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Pacific Islands Water Science Center
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Impact of Sea-Level Rise and Climate Change on the Freshwater Resources of Roi-Namur Island, Kwajalein Atoll
Project Chief: Stephen B. Gingerich
Observations show that global sea level is rising at a rate almost double the Intergovernmental Panel on Climate Change’s 2007 report. While the rates of sea-level rise and the ultimate elevations of global sea level by 2100 are debated, the existing data and predictive models all suggest that sea level will be higher by the end of the century and that it will have a profound impact on low-lying coastal areas.
Sea-level rise is particularly critical for low-lying coral atoll islands, many of which have maximum elevations of less than 4 meters (about 13 feet) above present sea level. The amount of land and water available for human habitation, water and food sources, and ecosystems is limited and extremely vulnerable to inundation from sea-level rise. Infrastructure and freshwater supplies on Kwajalein have been impacted by anomalously high sea level and wave-driven inundation in the past.
The objective of this four-year study is to assess the effects of sea-level rise and climate change on the freshwater resources of Roi-Namur Island, Kwajalein Atoll. A variety of scenarios will be assessed based on historic information, sea-level rise scenarios, and global climate model projections.
The Strategic Environmental Research and Development Program is funding this study as part of a larger study on the impact of sea-level rise and climate change on Department of Defense installations on atolls in the Pacific Ocean.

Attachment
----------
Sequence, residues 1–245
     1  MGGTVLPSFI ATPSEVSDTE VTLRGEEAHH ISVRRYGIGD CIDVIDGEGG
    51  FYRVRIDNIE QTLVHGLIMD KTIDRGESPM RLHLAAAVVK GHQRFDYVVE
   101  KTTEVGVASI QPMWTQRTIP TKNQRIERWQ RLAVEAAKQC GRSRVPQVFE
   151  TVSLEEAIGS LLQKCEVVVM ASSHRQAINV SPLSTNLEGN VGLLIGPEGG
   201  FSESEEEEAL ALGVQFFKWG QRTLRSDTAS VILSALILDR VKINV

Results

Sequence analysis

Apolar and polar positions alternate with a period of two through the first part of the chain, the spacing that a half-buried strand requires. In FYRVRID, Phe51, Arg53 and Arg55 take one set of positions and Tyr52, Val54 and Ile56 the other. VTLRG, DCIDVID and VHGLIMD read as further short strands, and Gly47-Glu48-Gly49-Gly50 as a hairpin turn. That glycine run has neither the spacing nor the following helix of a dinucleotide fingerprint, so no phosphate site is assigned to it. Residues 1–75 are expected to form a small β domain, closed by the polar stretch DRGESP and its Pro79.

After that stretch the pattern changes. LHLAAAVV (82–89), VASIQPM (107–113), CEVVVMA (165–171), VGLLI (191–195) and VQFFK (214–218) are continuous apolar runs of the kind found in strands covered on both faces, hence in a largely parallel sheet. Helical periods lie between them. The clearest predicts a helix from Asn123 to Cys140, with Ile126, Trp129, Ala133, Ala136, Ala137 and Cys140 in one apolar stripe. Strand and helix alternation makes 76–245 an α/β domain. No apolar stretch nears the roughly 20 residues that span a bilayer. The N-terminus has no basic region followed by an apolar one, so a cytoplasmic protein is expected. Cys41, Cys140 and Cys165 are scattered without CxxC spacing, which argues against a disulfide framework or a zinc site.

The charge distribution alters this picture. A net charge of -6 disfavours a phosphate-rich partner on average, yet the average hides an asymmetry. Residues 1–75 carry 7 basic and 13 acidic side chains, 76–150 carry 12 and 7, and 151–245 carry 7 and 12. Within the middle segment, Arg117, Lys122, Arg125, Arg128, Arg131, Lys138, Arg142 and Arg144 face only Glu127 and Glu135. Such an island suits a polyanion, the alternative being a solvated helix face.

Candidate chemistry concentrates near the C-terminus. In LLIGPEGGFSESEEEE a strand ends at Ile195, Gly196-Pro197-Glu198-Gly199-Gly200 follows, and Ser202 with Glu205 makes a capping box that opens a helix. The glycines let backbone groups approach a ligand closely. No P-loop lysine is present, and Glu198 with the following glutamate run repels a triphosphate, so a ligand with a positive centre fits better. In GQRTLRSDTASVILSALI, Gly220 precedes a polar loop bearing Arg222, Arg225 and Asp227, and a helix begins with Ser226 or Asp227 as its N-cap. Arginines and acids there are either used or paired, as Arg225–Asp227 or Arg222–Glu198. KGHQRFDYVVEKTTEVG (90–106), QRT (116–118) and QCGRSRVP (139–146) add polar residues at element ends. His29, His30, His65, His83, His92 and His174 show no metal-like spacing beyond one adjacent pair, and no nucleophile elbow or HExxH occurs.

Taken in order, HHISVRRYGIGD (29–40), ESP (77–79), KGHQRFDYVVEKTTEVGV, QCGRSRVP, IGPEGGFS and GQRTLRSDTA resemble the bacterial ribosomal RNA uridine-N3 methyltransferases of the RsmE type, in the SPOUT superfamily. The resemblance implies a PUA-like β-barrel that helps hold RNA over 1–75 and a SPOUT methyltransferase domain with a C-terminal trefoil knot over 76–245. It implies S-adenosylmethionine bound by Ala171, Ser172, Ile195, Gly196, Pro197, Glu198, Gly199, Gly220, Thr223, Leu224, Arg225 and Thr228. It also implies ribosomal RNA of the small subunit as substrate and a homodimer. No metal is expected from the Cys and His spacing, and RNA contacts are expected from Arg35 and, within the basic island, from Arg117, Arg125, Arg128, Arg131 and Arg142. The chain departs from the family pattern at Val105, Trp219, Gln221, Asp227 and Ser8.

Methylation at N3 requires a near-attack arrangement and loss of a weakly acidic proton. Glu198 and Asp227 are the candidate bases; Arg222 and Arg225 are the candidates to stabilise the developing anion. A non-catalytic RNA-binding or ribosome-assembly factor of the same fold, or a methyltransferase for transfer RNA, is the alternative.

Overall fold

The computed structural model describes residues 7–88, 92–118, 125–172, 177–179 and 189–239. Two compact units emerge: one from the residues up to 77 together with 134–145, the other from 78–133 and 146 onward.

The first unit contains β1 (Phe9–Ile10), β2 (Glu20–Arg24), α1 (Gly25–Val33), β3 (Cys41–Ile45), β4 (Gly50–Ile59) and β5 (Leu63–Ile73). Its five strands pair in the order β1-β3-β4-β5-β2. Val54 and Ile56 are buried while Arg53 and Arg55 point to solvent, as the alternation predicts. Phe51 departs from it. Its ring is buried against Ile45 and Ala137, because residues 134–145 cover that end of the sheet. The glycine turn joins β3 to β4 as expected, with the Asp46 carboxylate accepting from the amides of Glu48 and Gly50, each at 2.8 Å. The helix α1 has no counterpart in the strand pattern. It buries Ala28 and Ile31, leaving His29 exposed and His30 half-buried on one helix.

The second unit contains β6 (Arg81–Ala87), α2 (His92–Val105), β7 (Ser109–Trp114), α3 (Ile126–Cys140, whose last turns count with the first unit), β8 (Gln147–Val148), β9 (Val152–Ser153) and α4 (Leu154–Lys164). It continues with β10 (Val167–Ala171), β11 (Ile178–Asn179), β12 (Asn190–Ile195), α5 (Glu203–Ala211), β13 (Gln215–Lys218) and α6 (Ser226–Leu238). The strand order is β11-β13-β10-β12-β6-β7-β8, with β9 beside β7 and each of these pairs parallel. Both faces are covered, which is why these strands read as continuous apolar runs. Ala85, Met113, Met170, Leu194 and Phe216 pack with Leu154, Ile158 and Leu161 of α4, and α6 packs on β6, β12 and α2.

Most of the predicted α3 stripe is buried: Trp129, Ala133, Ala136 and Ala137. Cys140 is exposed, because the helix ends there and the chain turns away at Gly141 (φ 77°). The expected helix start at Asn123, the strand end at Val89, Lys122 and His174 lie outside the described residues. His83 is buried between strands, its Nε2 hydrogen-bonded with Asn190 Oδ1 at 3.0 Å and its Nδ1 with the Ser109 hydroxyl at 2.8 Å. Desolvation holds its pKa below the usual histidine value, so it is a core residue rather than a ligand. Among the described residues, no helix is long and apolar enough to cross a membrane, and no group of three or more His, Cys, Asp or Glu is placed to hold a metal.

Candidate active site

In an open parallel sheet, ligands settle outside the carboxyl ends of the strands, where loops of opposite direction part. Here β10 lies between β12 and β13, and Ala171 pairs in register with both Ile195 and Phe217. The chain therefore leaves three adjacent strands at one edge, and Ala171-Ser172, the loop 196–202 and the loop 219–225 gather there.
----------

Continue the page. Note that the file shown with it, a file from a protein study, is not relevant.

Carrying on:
Relevance and Benefits
The results from this study are necessary for the proper management of the water resources on atoll islands. The study is consistent with the USGS Science Strategy to provide citizens, communities, natural-resource managers, and policymakers with a clearer knowledge of the status of their water resources. Information generated by this study will yield immediate practical benefits to the Department of Defense by providing new understanding of the impacts of sea-level rise and climate change on facilities on other Pacific and Indian Ocean atolls.
This investigation will be focused on the island of Roi-Namur, which is part of Kwajalein Atoll in the Republic of the Marshall Islands (fig. 1). The study approach will include (1) data collection of groundwater temperature, salinity, and depth; (2) estimation of groundwater recharge for current and projected future conditions; and (3) development of a 3-D groundwater model. Results from this study will be published in scientific journals and made available on the internet.
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